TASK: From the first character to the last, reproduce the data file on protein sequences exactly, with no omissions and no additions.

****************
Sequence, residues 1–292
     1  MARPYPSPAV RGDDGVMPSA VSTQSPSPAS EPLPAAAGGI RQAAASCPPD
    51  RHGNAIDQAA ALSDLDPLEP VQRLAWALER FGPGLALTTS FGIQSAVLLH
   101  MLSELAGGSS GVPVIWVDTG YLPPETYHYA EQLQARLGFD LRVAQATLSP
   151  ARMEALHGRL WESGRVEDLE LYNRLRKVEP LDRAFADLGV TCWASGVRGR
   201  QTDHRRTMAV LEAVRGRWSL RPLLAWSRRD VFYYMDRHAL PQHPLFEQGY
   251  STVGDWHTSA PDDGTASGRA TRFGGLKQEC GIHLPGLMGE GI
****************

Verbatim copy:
Sequence, residues 1–292
     1  MARPYPSPAV RGDDGVMPSA VSTQSPSPAS EPLPAAAGGI RQAAASCPPD
    51  RHGNAIDQAA ALSDLDPLEP VQRLAWALER FGPGLALTTS FGIQSAVLLH
   101  MLSELAGGSS GVPVIWVDTG YLPPETYHYA EQLQARLGFD LRVAQATLSP
   151  ARMEALHGRL WESGRVEDLE LYNRLRKVEP LDRAFADLGV TCWASGVRGR
   201  QTDHRRTMAV LEAVRGRWSL RPLLAWSRRD VFYYMDRHAL PQHPLFEQGY
   251  STVGDWHTSA PDDGTASGRA TRFGGLKQEC GIHLPGLMGE GI